OMMX: Changing Rooms
Case Study Stele House, London
Our clients approached us asking to help them renovate a listed house in Islington that they had fallen in love with and wanted to conserve. However, they also wanted to remodel the interior on a shoestring budget to suit their preference for open plan living – on one hand the project was about protection and restoration but, on the other, it was about tearing the house apart.
The building itself was remarkable only for the things that it has in common with most typical London housing stock. Floor to ceilings were generous, with a sidedness expressed through the formal front façade and informal closet wing condition to the rear. Party walls and facades are masonry, elsewhere there is timber infill and joisted construction. The house felt very cramped and the clients wanted to open up the house as much as possible. The layout was poorly organised, with the ascent through the house culminating in a small bathroom. They had told us that the thing they loved the most was the stair and, simultaneously, we soon identified that most of the work that was needed was adjacent to the staircase.
The design marries these competing desires with a set of discrete incisions into the built fabric. Most of the new alterations could be structurally achieved with the creation of a single vertical ‘stele’ running through the house, replacing the stair landing and spine wall. In so doing, the rest of the house could be economically and sensitively, yet unapologetically, restored, with the ‘stele’ adorning the corner of each room and recording this latest layer of the building’s history. The structural steel gained a decorative role through the use of a single strong colour, selected from the few surviving panes of stained glass.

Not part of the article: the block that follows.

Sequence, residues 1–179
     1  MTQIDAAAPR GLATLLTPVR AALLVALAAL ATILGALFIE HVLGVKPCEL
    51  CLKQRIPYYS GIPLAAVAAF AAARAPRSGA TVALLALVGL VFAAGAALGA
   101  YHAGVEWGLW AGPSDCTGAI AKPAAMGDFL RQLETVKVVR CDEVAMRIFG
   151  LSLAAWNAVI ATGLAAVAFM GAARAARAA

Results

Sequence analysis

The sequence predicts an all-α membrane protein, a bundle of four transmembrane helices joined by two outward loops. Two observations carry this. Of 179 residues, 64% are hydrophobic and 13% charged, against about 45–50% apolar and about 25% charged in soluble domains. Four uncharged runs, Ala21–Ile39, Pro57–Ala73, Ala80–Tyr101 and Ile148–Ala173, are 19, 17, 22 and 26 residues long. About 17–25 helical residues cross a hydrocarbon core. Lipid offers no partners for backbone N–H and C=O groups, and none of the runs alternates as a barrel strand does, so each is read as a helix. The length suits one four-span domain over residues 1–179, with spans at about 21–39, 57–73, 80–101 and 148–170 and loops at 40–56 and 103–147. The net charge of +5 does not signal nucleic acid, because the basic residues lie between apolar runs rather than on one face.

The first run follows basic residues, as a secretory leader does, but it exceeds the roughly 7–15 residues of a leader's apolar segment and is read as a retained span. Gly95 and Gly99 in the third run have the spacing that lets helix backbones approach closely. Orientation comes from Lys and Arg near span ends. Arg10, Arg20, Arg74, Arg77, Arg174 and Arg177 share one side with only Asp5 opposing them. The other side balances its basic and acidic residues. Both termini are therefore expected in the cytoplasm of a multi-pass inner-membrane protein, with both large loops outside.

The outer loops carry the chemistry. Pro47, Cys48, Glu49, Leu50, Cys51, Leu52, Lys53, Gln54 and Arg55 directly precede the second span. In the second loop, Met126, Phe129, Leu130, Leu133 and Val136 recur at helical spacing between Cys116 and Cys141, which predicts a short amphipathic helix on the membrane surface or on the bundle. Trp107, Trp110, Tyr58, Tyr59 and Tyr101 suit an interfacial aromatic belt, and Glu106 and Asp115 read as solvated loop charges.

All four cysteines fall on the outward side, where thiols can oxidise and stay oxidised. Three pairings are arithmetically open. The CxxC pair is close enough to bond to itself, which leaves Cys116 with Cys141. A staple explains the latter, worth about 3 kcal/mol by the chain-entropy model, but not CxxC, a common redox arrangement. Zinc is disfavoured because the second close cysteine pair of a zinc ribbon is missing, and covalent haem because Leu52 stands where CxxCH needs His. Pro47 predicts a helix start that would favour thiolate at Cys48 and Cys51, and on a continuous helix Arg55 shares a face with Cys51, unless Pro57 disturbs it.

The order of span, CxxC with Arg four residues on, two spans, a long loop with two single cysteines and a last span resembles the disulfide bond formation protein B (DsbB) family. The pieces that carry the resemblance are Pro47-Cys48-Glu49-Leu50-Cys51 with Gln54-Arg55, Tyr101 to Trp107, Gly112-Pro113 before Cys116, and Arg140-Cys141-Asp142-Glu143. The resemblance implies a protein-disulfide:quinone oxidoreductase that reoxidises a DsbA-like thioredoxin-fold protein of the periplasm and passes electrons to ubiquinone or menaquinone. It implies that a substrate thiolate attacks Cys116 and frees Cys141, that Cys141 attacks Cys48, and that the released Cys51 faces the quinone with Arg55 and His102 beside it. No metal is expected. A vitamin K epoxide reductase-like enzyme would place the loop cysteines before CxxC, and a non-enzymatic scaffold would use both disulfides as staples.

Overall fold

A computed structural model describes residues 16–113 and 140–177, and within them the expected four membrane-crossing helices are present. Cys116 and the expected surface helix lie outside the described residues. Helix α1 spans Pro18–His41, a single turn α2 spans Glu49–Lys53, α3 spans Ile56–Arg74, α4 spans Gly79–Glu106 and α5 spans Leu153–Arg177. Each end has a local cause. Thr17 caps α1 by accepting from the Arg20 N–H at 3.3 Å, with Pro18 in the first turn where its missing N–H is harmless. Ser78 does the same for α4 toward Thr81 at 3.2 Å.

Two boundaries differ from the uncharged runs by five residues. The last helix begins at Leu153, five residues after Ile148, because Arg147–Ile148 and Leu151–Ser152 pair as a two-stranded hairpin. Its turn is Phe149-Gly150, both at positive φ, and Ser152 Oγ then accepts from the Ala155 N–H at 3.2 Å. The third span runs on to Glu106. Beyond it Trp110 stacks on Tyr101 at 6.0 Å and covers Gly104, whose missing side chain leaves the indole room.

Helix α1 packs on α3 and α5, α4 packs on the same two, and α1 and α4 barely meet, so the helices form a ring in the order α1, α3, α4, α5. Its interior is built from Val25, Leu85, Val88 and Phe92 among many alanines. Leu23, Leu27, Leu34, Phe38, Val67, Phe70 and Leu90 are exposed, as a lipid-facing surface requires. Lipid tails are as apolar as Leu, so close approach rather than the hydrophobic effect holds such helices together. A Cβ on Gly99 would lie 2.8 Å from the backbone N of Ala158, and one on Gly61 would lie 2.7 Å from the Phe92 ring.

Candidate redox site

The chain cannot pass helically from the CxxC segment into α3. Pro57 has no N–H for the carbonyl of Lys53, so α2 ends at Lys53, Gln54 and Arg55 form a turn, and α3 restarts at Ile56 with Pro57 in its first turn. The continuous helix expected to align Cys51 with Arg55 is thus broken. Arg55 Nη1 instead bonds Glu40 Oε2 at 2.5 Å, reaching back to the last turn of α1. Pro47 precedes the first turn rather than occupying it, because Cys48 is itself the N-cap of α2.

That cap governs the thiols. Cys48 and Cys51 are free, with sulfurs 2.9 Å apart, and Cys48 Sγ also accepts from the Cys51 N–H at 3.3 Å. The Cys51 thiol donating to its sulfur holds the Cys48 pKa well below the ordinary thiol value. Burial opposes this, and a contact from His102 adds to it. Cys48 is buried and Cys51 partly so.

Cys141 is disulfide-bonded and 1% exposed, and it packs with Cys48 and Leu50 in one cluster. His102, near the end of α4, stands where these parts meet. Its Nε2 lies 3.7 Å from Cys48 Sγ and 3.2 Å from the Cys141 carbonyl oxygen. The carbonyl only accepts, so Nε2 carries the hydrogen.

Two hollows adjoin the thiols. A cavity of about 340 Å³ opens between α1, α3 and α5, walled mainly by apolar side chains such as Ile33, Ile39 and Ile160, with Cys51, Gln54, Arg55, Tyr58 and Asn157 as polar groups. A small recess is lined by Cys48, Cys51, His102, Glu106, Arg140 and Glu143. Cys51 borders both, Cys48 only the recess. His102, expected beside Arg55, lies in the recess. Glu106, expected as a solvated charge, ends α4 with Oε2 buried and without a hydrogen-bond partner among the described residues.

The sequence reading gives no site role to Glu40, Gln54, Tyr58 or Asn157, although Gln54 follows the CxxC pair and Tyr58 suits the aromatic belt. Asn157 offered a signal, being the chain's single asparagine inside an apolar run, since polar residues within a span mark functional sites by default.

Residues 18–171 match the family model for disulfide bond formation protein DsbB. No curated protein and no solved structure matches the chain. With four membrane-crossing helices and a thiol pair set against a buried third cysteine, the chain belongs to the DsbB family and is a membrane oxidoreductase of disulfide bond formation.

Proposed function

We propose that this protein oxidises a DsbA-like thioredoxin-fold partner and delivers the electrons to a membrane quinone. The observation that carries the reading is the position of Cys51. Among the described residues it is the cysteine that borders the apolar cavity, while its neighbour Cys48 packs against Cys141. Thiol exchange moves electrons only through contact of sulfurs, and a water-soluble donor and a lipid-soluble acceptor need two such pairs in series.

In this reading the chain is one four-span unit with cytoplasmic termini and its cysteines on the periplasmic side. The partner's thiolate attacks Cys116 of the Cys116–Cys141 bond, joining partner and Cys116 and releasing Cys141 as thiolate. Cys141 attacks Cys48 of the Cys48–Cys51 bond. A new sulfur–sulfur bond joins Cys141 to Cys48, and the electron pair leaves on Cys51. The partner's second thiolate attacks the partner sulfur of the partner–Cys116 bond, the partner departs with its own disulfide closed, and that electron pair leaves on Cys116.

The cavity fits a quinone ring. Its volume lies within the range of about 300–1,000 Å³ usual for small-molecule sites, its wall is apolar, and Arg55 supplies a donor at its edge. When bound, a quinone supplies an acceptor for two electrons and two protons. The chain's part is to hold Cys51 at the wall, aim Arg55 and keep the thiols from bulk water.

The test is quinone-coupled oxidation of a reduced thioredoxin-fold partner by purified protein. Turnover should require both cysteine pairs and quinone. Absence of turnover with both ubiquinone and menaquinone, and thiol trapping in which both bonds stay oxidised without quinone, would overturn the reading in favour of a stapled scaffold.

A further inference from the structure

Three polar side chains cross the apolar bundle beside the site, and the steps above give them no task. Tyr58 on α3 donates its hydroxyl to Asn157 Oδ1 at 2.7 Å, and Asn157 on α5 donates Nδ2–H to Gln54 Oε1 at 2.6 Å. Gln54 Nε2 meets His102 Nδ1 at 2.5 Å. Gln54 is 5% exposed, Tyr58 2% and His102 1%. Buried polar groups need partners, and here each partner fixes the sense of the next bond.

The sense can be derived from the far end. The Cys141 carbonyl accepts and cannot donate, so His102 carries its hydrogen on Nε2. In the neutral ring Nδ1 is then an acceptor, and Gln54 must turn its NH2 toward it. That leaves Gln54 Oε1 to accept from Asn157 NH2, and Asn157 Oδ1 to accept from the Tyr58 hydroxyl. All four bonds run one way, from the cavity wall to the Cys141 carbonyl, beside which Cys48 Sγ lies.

New openings were created that expose the original timber structure of the house. Light filters through the stud construction as the stairwell is now lit from above. Created at the height of the new worktop, another opening visually connects the kitchen to the stairwell, acting as a splash back on one side and as small niches for the display of treasured possessions on the other.
Additionally a new set of elements made from stained plywood and painted timber sections was inserted to create new thresholds, create additional storage and replace the steep stair to the attic bedroom which was now a top-lit study.
It seemed a shame to discard the one small part of the staircase that had to be removed as a result of the alterations. So, with the help of the contractor, we developed a way of repurposing the retained length of handrail, cutting and carving it to form an extrusion that could be fixed to a flat surface. We then incorporated these sections into the new joinery items dispersed throughout the home. They form a haptic remnant of the old house; every time you use the new furniture, you touch an old part of the house.
Posted 13th February 2019 (Adapted from the lecture notes of OMMX’s talk at the Building on the Built event on 5th December 2018)
(2+4) © Nick Seaton
(5+6+7+8+9+10) © Max Creasy